Abstract

Purpose

This paper seeks to frame and model the environmental issues and impacts associated with the management of pallets throughout the entire life cycle, from materials to manufacturing, use, transportation to end‐of‐life disposal.

Design/methodology/approach

A linear minimum cost multi‐commodity network flow problem is developed to make pallet‐related decisions based on both environmental and economic considerations.

Findings

This paper presents a review of the environmental impacts associated with pallets by life cycle stage. The types of materials used to fabricate pallets, the methods by which they are treated for specific applications, and various pallet management models are described with respect to embodied energies, toxicity and emissions. The need for companies to understand the cost, durability, and environmental impact tradeoffs presented by pallet choices is highlighted. The paper introduces a model to assist in choosing both how pallets are managed and the material they are constructed of that balances these tradeoffs.

Originality/value

There is limited research on the environmental impact of different management approaches of large‐scale pallet operations. The proposed model and approach will provide companies seeking to engage in more sustainable practices in their supply chains and distribution with insights and a decision‐making tool not previously available.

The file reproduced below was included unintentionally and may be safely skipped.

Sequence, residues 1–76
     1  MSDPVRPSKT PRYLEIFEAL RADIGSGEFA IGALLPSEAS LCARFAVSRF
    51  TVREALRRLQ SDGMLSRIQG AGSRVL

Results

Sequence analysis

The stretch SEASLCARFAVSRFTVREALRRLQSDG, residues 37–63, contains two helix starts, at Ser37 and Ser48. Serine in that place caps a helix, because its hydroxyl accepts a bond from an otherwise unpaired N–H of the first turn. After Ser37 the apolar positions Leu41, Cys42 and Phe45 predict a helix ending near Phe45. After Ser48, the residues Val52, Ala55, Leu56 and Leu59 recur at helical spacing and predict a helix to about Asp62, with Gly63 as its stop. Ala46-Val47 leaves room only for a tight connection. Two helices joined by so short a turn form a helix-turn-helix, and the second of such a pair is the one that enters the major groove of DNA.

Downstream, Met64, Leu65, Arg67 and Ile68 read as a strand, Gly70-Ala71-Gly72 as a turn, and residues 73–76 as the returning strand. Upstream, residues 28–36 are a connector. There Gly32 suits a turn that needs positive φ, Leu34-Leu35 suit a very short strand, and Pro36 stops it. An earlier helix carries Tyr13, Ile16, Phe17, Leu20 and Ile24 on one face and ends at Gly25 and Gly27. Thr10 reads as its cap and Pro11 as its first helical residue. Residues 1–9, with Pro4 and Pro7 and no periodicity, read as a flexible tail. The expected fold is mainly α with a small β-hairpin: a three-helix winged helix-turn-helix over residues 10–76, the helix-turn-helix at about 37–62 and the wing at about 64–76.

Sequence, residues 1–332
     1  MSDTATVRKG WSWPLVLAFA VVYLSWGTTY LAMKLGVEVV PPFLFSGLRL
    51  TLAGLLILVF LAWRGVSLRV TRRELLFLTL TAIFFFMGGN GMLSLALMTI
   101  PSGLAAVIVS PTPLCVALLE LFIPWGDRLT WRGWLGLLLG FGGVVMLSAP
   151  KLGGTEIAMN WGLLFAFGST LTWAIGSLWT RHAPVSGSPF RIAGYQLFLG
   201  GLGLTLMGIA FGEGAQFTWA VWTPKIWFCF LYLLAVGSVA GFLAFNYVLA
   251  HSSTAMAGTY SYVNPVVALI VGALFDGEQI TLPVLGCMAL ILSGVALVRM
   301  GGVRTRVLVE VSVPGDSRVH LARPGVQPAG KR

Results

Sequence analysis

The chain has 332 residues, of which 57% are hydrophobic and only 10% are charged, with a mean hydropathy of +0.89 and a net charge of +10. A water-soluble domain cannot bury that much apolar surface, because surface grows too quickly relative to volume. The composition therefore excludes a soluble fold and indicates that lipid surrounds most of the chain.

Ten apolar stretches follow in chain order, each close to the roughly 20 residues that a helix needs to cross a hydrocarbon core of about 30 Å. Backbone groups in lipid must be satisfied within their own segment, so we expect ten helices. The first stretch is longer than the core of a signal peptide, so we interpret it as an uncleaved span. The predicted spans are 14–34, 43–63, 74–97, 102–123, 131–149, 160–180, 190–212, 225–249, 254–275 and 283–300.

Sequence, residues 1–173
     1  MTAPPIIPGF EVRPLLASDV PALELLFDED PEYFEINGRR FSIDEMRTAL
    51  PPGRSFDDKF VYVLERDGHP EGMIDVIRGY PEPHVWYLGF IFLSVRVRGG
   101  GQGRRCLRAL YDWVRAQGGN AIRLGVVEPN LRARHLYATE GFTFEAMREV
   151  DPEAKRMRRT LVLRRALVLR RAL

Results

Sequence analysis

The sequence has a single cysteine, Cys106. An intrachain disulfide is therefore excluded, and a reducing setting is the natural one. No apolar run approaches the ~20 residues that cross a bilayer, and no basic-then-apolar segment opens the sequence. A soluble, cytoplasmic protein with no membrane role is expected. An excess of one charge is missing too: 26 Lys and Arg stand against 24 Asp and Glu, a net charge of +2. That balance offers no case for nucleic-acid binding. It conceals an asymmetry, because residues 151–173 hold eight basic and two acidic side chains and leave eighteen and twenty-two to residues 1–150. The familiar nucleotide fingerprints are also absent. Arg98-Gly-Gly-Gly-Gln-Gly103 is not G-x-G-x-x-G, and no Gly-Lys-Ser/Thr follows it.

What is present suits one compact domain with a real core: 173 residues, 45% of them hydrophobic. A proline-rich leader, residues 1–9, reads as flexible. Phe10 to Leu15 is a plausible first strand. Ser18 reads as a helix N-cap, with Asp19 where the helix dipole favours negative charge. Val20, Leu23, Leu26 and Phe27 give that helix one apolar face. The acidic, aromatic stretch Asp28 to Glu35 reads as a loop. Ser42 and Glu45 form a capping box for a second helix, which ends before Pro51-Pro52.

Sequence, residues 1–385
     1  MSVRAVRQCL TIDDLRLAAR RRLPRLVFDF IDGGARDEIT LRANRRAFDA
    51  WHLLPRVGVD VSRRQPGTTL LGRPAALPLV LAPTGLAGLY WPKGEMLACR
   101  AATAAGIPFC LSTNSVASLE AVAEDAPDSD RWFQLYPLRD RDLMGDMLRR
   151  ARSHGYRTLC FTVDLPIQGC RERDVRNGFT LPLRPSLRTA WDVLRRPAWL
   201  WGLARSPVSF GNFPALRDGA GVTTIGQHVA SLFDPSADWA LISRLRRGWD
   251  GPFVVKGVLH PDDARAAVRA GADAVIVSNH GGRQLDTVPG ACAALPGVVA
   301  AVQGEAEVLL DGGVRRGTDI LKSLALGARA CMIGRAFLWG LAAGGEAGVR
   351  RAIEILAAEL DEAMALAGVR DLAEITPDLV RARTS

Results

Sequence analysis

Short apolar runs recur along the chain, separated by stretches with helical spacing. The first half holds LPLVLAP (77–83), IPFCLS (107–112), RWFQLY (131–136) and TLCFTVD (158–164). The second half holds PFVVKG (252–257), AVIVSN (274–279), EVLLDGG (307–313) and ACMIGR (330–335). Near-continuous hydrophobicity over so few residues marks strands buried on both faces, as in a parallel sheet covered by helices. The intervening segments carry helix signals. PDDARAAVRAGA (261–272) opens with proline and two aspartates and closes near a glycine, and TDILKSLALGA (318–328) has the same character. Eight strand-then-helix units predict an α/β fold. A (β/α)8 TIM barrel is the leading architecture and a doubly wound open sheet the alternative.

Details

Management Research Review, vol. 34 no. 11
Type: Research Article
ISSN: 2040-8269

Keywords

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Article

Chiranjit Das and Sanjay Jharkharia

The purpose of this paper is to review the relevant literature on low carbon supply chain management (LCSCM) and classify it on contextual base. It also aims at…

Abstract

Purpose

The purpose of this paper is to review the relevant literature on low carbon supply chain management (LCSCM) and classify it on contextual base. It also aims at identifying key decision-making issues in LCSCM. This paper also highlights some of the future challenges and scope of research in this domain.

Design/methodology/approach

A content analysis is carried out by systematically collecting the literature from major academic sources over a period of 18 years (2000-2017), identifying structural dimensions and classifying it on contextual base.

Findings